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Originally published October 14, 2008 at 12:00 AM | Page modified October 14, 2008 at 11:57 AM

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Starvation abuse rare, shocking even to experts

The intentional starving of a child is so rare — and its results so devastating — that even experts in the child-abuse field find it shocking.

Seattle Times staff reporter

The intentional starving of a child is so rare — and its results so devastating — that even experts in the child-abuse field find it shocking.

"This is one of the worst forms of child abuse we see," said Nancy Kellogg, a professor of pediatrics at the University of Texas. "The physical and emotional agony a child goes through is very severe and long-lasting."

Kellogg, who co-authored a study in 2005 about children who've been starved at home, said she doesn't know the details of the Carnation case and the 14-year-old victim, but has studied cases of starvation involving children ranging in age from 2 months to 13 years.

"It's worse than being a prisoner of war," Kellogg said. "When you're a prisoner of war, everybody around you is facing the same fate." In contrast, a starved child is often singled out from the family, and other children in the home may be "brainwashed" into believing the victim did something to deserve the punishment.

Kellogg said in cases she's seen, the youngster's "offense" could be something as innocent as reminding the abuser of something he or she doesn't want to think about.

"We had a case of a 4-year-old boy who was starved to death by his grandmother because he reminded her of her son," Kellogg said. In another case, a woman refused to feed her 8-year-old stepdaughter because the woman was jealous of her husband's former wife.

In the Carnation case, the victim's father, Jon Pomeroy, and stepmother, Rebecca Long, have been charged with criminal abuse.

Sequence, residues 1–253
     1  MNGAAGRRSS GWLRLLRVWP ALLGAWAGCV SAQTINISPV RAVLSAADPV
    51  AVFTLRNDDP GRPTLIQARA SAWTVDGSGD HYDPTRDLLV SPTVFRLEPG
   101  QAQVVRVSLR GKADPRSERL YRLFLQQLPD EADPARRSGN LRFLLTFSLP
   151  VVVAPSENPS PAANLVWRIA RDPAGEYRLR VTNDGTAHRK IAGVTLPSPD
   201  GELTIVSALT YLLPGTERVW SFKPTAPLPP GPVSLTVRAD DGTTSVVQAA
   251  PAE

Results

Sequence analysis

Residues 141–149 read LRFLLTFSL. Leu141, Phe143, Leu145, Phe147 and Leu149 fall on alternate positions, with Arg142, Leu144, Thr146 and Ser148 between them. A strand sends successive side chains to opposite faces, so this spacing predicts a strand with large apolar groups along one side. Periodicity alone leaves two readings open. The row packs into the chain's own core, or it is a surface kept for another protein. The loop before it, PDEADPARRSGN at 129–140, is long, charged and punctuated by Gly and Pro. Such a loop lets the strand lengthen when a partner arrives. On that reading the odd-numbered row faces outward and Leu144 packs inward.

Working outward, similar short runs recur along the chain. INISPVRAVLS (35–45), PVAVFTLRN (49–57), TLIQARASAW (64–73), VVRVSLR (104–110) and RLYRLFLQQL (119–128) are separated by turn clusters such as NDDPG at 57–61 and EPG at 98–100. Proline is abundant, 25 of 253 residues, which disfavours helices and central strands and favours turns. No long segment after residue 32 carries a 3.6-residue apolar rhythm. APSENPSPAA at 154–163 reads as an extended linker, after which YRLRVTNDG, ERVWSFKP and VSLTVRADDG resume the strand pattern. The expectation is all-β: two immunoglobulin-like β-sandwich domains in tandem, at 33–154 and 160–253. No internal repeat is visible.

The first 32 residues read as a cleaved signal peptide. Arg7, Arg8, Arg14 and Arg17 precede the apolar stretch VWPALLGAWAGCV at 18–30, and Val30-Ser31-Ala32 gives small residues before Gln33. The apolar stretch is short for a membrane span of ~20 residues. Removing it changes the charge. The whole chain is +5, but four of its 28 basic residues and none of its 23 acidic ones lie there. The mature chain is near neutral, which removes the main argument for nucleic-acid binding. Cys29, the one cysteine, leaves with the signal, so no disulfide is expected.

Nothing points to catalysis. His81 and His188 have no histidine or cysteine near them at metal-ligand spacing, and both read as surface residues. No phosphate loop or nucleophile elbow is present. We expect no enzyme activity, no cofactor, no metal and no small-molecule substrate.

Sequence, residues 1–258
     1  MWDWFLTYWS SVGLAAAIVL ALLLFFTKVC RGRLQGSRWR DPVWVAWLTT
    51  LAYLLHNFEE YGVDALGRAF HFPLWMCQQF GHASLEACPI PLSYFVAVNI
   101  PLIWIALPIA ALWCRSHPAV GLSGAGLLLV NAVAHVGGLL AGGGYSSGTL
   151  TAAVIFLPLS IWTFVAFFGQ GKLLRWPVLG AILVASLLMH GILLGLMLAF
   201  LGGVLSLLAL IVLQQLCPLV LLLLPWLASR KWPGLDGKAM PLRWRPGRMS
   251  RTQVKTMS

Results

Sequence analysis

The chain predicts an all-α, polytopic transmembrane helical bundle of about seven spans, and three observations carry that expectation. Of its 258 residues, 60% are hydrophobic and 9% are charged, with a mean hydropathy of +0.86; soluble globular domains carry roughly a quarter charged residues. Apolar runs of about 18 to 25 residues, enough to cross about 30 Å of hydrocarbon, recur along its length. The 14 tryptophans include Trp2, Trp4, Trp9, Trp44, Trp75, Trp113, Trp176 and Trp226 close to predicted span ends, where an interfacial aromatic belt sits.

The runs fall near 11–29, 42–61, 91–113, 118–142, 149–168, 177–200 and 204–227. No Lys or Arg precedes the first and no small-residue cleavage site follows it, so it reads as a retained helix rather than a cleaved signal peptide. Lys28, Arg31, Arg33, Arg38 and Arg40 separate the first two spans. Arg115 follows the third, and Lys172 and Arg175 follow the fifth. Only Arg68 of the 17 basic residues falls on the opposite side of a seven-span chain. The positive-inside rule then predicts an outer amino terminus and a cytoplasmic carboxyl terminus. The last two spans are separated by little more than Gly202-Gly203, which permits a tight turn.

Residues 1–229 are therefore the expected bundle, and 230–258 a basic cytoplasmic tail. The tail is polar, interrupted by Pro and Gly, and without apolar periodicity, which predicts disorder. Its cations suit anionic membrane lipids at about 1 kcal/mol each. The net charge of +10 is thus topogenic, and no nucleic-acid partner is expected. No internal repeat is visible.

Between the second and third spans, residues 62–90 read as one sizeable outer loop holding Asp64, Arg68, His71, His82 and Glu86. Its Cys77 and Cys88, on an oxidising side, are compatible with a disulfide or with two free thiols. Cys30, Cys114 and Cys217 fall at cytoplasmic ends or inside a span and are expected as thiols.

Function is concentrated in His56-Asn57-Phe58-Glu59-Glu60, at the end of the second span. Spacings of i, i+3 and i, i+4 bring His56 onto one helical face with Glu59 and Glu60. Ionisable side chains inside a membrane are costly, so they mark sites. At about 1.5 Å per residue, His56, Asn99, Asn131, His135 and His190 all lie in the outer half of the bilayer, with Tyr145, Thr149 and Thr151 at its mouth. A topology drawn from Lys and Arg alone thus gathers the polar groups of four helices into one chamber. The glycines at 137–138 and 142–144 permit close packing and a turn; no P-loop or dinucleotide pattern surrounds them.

Dee Wilson, a University of Washington social-work lecturer who trains child-abuse and -neglect investigators, said in more than 30 years of practice, he's seen only a handful of cases involving deliberate, long-term withholding of food or water.

"This is a very extreme form of mistreatment, not your day-in-and-day-out form of child abuse," Wilson said.

In July 2007, a Spokane-area woman, Carole Ann DeLeon, was sentenced to six years in prison in the death of her adopted son, Tyler, who weighed 28 pounds when he died on his 7th birthday.

Earlier this year, a Snohomish County judge compared the photos of an emaciated 4-year-old boy to those of prisoners taken at a concentration camp, and sentenced both the boy's father, Danny Abegg, and his girlfriend, Marilea Mitchell, to eight years in prison for criminal mistreatment of the child.

Prosecutors had sought sentences that were more than twice the standard sentencing range because of the vulnerability of the boy, who weighed 22 pounds in 2006 when authorities rushed him to the hospital after a relative called Child Protective Services.

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Wilson, while also not commenting directly on the Carnation case, said parents who withhold food and water from a child sometimes perceive themselves in a "power struggle" with the child.

"At some point, possibly the parents have thought, in some kind of crazy way, this was some type of appropriate punishment they ... adopt an extreme strategy, a strategy that begins to seem very much like torture."

Wilson said most children who are malnourished at home are the victims not of active abuse but of neglect, often involving parents who have mental-health issues, substance-abuse problems or simply lack money.

But in cases such as the one prosecutors allege in Carnation, "There's a different quality because ... it's so systematic and deliberate," Wilson said.

Kellogg said starvation victims such as the Carnation girl need far more than food and a safe environment to recover.

"Her ability to get through this and eventually maintain a healthy adult life will be greatly jeopardized," Kellogg said. "She is likely to need very intense counseling and help for a long time."

Jack Broom: 206-464-2222 or jbroom@seattletimes.com. Seattle Times staff reporter Christine Clarridge and news researcher Gene Balk contributed to this report.

Copyright © 2008 The Seattle Times Company

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